The following is a guest blog from Jason Kitcat, who is on the Advisory Council for digital campaigners, the Open Rights Group.
At first blush it’s understandable why many would think that Internet voting is a good idea… shouldn’t it be faster, better and cheaper than our current paper-based voting system? Wouldn’t such a modern, convenient system encourage more people to vote? If we can shop and bank online, why not vote online?
As someone with one foot in the digital world and another in politics I too used to think that. But years of work with online voting systems including building one, studying others and observing numerous electronic elections changed my mind. Why?
Essentially voting in political elections is a uniquely difficult process to deliver with incredibly high stakes, a hard deadline and limited budgets. In my experience there is no technology available that can meet the unique risks and challenges of delivering political elections safely.
Political elections need to have three properties to succeed: secrecy, accuracy and verifiability.
Secrecy: Your vote must be secret unless you choose to share it yourself. Voters must be anonymous to protect them from coercion, bribery and recriminations. This is a fundamental principle defined in the UN and European declarations of human rights. (I know UK paper ballots aren’t technically secret due to a numbering system, but this is unique to the UK and should be urgently phased out)
Accuracy: Voters, candidates and their parties must have confidence that votes are accurately recorded, can’t be changed after the fact and are then correctly counted to deliver a clear result.
Verifiability: Voters, candidates, observers and the media should all be able to verify that the system is observably working and that there are sufficient checks to ensure that the result doesn’t just depend on a ‘trust us’ approach from the administrators.
With over 150 years of learning most major democracies have developed fairly reliable ways of delivering secure elections that are secret, accurate and verifiable by using paper ballots. Paper is a particularly good medium for this purpose – it’s hard to steal a million paper ballots without someone noticing, especially as the geographical distribution of polling stations and constituencies also distributes the risk. A million digital ballots are no different to a single one in the eyes of most of us: just invisible bits in the ether. Securely printed and marked paper is challenging to duplicate or alter. It can be easily checked and recounted by pretty much anyone and we can all watch the counting process to assure ourselves of the outcome.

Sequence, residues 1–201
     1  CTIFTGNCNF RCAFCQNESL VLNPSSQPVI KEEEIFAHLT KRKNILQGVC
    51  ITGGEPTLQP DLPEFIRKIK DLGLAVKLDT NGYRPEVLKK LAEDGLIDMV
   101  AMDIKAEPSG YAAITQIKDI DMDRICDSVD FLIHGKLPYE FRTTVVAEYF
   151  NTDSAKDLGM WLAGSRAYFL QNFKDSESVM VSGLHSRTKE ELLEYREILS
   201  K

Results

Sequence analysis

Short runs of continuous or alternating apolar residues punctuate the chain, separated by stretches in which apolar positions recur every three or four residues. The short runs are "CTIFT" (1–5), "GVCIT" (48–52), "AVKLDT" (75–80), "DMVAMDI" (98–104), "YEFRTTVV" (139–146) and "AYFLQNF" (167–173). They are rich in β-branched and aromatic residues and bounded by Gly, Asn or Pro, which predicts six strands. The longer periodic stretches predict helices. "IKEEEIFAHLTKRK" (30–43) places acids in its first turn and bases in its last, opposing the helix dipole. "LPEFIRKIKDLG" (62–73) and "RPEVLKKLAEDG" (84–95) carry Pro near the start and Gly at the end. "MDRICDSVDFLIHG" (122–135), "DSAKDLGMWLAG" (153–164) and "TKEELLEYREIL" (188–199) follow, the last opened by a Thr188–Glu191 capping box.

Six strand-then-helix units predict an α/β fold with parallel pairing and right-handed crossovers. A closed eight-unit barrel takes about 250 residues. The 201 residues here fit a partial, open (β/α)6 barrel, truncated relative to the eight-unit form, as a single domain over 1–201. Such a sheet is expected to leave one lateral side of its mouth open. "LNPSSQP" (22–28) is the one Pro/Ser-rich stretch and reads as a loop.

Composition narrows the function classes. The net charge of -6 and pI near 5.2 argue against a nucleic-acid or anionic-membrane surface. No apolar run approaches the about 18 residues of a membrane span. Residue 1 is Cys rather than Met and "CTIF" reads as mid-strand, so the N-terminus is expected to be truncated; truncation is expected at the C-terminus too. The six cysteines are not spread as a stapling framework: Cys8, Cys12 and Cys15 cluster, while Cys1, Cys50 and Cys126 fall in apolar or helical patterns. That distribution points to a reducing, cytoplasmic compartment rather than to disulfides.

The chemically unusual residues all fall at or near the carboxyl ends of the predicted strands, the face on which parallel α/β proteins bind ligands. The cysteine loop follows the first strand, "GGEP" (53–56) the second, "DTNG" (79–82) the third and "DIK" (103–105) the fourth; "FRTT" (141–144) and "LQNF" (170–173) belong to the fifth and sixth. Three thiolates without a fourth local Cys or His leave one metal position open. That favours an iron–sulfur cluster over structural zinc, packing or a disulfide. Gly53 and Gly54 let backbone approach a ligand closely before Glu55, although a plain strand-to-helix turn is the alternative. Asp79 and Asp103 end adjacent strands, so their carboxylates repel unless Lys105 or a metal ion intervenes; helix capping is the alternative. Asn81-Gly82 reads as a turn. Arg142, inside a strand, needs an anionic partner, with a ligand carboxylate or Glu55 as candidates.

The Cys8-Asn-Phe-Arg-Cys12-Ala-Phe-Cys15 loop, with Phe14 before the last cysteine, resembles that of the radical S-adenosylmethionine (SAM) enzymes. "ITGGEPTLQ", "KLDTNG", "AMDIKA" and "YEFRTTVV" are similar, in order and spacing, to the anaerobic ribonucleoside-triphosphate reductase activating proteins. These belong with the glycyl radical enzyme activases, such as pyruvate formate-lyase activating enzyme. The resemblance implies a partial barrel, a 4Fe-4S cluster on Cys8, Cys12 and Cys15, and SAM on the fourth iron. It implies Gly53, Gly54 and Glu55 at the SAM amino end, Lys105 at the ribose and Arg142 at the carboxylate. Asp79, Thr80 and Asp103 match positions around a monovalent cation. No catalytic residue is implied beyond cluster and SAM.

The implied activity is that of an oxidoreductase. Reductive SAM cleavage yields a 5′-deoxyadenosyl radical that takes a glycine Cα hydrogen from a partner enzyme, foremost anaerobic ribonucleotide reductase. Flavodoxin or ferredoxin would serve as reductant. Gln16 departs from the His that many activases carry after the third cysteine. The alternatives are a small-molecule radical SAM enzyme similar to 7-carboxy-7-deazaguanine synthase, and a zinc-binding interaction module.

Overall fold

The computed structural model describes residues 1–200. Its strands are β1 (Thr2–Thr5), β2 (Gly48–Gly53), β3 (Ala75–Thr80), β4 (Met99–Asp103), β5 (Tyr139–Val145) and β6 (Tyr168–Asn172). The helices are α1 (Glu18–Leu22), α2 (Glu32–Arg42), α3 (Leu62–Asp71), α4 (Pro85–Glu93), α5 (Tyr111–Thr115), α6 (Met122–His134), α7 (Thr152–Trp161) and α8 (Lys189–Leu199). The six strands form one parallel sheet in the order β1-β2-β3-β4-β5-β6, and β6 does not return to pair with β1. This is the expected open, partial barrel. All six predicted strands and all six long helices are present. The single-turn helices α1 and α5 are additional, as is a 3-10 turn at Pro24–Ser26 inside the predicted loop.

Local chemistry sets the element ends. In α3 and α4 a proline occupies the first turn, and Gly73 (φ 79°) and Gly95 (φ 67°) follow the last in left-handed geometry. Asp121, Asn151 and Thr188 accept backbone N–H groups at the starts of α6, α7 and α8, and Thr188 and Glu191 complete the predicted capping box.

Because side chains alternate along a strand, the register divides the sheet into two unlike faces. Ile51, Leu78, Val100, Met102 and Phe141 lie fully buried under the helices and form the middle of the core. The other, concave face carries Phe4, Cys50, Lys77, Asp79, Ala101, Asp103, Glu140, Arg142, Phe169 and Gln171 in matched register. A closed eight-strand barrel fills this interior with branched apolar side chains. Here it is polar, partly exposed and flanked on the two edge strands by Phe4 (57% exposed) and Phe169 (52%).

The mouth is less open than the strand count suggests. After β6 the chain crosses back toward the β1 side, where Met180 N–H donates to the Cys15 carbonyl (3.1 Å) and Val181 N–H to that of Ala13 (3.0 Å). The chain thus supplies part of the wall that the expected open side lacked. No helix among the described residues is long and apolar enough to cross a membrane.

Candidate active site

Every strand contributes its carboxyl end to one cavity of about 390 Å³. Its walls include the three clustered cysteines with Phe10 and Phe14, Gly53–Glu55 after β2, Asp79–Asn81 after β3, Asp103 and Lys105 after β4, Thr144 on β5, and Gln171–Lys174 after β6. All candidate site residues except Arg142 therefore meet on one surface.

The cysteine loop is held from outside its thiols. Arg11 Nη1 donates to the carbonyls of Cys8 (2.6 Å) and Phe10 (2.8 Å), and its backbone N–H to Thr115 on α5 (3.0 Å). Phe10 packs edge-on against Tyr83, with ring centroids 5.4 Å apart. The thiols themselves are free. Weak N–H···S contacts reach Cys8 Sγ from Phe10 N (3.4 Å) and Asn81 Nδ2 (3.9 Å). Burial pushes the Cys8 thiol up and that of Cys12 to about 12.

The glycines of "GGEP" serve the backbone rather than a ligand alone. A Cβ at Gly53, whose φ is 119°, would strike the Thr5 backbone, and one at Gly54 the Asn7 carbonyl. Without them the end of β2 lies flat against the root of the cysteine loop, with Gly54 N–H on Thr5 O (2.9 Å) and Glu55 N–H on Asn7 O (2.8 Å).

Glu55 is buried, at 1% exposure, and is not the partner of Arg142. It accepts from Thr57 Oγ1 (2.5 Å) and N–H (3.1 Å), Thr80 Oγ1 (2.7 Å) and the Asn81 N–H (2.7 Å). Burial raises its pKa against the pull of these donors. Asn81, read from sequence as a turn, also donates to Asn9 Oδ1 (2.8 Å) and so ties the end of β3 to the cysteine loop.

Online systems find it incredibly hard to provide similar qualities. They can provide two of the three key electoral properties at a time, but not all three. Online shopping and banking aren’t secret – the merchant, banks, card processors and others all know who you claim to be – if something goes wrong they can refund you. Refunding votes after the result has been declared just isn’t possible. In commerce a certain level of fraud is accepted as a cost of doing business which is covered by the margins reaped from customers. Such an approach to electoral votes would be unacceptable.
Internet voting is a huge computing project with an immovable deadline; massive risks and the potential for undetectable attackers from around the world to have a go at influencing the results. This is why so many groups of computer scientists around the world have come out against the use of electronic and internet voting or said it should only be used in parallel with a paper system for verification. The costs, risks and limited benefits are why online voting technologies have been tried and discarded in places including the UK, Ireland, Netherlands, Germany, Norway, Finland and Italy.
Experience has shown that running online elections ended up being much more expensive than paper-based elections, had little or no impact on turnout and created a level of complexity administrators struggled to manage.
I recently was part of an independent team that observed Estonia’s online voting system, the world’s only one used in national parliamentary elections. Our team found serious flaws in the system and recommended that its use was discontinued. (You can read more about this and other research in the useful links below) Estonia has an admirable and very advanced e-government infrastructure including digital identity but even they couldn’t create a sufficiently robust online voting system. That should give pause for thought to the rest of us operating in less advanced settings.
I know digital technology has huge potential to improve public services and democratic participation. It just so happens that due to its unique nature, voting in public elections is one place where we are best sticking to another technology: paper. That’s not to say that there isn’t room to improve our existing processes, there is, just not with online voting.
Jason Kitcat (www.jasonkitcat.com) is the Interim Digital Lead at The Democratic Society. He sits on the advisory councils for the Open Rights Group and Foundation for Information Policy Research. Until May 2015 he was the Leader of Brighton & Hove City Council. He is writing here in a personal capacity.